Children of the Covered Wagon
Children Of The Covered Wagon, by Mary Jane Carr
Revised and edited by Michael McHugh
(Christian Liberty Press, 2005), pb., 275 pp.
This is an older book which has been revised and edited, though there was no indication of the previous publication date or the extent of the revising and editing. The story itself “chronicles the trials and tribulations of a company of pioneer men, women, and children who braved the dangers of the Oregon Trail in 1844” (from the Preface). The story focuses on a particular company’s travel to Oregon relating, primarily from the perspective of one of the young boys, the difficulties, adventures, sufferings, and joys of the people along the way.
My boys had been learning abut this era, and this book really helped us grasp more of what it must have been like for the people who made this journey. The book “humanized” the Oregon Trail for us. As we read of them leaving family behind, eventually having to dump prized possessions along the trail in order to keep moving and fearing Indian attack we were brought into the story. More than once my boys commented along the lines of “Wow, that would have been hard!” The story was not as consistently exciting as some others, but it was valuable in coming to a better appreciation of this era in American history.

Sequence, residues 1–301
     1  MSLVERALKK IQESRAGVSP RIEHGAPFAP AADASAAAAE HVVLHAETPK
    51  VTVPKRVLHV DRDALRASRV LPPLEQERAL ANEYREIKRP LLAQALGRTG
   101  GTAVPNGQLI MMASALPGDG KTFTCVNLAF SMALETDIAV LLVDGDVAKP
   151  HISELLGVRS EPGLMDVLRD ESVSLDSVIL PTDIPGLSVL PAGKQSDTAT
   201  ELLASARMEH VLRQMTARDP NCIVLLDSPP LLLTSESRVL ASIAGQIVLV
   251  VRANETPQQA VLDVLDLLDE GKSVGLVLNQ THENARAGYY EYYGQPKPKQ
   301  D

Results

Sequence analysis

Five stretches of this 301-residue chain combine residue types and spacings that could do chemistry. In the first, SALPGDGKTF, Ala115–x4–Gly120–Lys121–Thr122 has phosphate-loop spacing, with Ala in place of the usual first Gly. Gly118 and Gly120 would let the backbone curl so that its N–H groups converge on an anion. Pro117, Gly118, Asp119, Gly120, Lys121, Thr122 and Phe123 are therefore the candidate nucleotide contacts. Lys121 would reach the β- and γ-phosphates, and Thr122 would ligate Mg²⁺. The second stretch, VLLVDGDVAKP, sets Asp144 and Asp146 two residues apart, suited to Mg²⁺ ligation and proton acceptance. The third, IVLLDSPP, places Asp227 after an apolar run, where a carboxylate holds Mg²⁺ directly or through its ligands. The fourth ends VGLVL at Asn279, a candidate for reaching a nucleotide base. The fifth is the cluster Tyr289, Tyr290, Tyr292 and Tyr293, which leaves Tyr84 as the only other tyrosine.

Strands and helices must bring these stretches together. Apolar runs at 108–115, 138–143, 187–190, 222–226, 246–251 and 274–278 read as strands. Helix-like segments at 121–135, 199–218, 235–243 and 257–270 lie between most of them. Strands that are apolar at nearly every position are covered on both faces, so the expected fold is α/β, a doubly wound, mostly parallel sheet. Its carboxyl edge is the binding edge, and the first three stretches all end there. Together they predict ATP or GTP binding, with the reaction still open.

Labels: American West